NEMONYMOUS #5

Reviewed by Chris Teague

When you pick up this, the latest issue of Nemonymous, the word 'red' grabs you by the eyeballs and yanks so hard your optical nerve becomes detached from the brain. This normally causes blindness (not too mention pain) but the blindness is gradual, so you are still able to enjoy a veritable feast of short literary fiction. With no names.

Once you turn the page, you see the legend, "a megazanthus for parthenogenetic fiction and late-labelling". No, I don't understand it either but it sounds good and puts you in the right frame of mind: this is special, enjoy it...

Within eighty minimalist pages, you'll find twelve stories - I don't know about you, but I would expect to find at least one dud. Not here. Nemo #5 is, I would say, almost virtually unique in that there is not a single bad story: you may not understand, nor like a particular tale, but to call that piece of fiction 'bad' would be an injustice: each and every one is superbly written.

But, I have a limited amount of time, so I'll only review those that really got me.

Strangely enough, the first one is the first story: The Robot & The Octopus, a very short and quite surreal SF tale of nanotechnology and sentience that, despite its length, is an exercise in how to cram a complex idea into such a small space.

My next favourite is Driving in Circles that features a quarrelsome couple and their car, where the journey seems to go on, and on, and on... reading this, I immediately got the sense of the old Twilight Zone TV show, with the tension and atmosphere gradually building to a subtle and excellent end: one of the best "horror" stories I've read.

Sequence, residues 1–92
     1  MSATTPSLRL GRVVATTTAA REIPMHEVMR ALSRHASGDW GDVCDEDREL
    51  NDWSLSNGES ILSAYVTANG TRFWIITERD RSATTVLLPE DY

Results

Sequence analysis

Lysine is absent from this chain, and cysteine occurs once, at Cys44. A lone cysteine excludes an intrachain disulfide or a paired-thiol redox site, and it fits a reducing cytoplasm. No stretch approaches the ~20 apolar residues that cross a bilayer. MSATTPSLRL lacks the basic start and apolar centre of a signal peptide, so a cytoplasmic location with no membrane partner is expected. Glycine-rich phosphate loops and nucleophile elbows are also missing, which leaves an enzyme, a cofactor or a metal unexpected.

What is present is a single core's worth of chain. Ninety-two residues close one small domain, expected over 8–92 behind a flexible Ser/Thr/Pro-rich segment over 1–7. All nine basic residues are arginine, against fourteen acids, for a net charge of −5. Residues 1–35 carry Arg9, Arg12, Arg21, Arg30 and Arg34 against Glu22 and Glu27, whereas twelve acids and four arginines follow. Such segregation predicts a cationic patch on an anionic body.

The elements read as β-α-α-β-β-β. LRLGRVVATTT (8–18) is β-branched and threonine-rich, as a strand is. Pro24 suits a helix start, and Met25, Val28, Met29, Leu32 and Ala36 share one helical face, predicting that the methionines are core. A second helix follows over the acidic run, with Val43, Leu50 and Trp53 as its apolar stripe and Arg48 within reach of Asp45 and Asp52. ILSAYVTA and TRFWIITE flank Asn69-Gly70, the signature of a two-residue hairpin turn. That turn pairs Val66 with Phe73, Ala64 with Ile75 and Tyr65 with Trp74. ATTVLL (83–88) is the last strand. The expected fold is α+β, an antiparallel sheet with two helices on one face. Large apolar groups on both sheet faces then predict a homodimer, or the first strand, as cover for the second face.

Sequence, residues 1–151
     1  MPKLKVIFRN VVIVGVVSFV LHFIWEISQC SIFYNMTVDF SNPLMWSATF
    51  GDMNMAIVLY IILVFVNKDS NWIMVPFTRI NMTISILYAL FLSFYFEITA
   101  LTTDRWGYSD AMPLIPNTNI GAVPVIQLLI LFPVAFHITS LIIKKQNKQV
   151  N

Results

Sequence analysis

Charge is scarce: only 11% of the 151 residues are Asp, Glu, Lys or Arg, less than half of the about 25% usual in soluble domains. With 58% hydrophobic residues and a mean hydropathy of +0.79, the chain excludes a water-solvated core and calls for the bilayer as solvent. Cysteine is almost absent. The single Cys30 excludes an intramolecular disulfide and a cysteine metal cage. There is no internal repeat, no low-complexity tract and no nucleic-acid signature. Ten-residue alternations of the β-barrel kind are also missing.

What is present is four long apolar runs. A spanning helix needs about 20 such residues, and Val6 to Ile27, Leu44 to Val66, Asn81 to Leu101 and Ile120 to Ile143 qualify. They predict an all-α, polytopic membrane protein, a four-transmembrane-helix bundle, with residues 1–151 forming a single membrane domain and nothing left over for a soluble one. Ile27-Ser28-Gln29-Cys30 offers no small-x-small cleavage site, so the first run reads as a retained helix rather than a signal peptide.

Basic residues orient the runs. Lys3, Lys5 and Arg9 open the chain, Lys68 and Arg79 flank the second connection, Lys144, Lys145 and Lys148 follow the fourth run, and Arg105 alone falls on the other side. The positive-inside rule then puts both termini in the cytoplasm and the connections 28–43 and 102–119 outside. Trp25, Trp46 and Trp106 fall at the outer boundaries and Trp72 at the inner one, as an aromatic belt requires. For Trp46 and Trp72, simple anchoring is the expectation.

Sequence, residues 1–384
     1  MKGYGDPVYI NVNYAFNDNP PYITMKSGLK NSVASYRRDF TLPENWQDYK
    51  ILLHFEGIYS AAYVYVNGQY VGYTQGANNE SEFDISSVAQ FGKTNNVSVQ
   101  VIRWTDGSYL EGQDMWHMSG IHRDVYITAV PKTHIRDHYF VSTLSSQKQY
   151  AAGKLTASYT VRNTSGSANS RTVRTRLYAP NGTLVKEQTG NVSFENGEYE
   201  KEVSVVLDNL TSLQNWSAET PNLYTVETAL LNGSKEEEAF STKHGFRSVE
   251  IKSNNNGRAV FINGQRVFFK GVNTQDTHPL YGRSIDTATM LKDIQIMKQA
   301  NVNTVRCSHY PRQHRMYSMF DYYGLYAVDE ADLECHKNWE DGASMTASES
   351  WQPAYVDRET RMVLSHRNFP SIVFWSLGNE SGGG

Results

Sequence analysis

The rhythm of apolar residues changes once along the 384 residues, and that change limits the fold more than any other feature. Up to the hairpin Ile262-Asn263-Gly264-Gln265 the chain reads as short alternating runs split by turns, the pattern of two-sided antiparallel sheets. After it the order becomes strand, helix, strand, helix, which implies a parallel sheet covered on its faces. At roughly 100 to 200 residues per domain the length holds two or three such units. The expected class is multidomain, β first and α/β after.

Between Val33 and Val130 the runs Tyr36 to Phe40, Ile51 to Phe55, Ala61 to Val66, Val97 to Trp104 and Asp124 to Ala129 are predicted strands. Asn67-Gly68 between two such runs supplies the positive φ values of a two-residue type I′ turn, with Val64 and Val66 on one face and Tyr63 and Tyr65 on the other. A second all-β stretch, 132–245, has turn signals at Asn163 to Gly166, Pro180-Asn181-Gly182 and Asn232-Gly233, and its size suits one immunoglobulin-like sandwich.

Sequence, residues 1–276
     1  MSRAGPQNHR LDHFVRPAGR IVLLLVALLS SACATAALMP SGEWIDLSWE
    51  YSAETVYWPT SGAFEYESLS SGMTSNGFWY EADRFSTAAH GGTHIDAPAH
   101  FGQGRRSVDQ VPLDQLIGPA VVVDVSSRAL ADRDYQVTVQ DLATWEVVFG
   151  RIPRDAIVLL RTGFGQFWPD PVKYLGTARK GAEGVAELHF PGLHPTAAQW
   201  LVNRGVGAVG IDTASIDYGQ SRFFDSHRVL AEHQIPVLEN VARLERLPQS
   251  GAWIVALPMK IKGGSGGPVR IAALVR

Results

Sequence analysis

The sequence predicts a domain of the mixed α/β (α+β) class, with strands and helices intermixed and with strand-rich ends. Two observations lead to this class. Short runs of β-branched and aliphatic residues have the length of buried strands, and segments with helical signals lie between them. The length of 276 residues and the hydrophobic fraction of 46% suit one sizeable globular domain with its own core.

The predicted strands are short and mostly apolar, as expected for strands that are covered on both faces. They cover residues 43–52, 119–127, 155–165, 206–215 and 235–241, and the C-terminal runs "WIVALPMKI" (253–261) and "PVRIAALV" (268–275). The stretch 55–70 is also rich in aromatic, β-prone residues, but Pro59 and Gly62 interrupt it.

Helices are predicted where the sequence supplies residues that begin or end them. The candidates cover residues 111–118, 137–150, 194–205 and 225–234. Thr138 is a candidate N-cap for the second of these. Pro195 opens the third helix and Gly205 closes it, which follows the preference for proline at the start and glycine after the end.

George the Baker, the next tale I've singled out, is quite possibly the closest to Eraserhead you could get in the short form, a tale of how - as you'd expect - a man called George, who's the local baker, discovers a strange creature at the back of his kitchen.

Huntin' Season is, without doubt, one of the sickest tales I have read (rivals Graham

Masterton's Eric the Pie for depravity). This wouldn't have looked out of place within the pages of Nasty Piece of Work, and even though you will need a very strong constitution, it was a very good story.

Correcting a misbehaving child is a very emotive subject, which the next story, Well Tempered, handles superbly well - the subtlety in the tale hides a quite disturbing end.

The Scariest Story I Know rivals the above tale for subtlety, but also adds ambiguity to the mix; a story of three members of the same family, though neither the reader - nor the protagonists themselves - know who has died, and who is living. Or maybe they've all died? This is wonderful piece of fiction, but it is annoying since I want to congratulate the author by name...

So, there you have it: my favourite six stories - but Nemo #5 is still uniformly superb: like I stated earlier, every one of the twelve tales is excellent, but the above six are the ones that stood out in my mind - and quite possibly, when (yes, when - not if!) you receive this issue yourself, no doubt your favourites will differ from my own.

So, without further ado, just pop along to www.nemonymous.com and order it - you will, and I guarantee this, not regret it.

I'm just looking forward to Nemo #6 to find out who wrote The Scariest Story and Driving in Circles.

For purchasing details, visit the Nemonymous website at www.nemonymous.com


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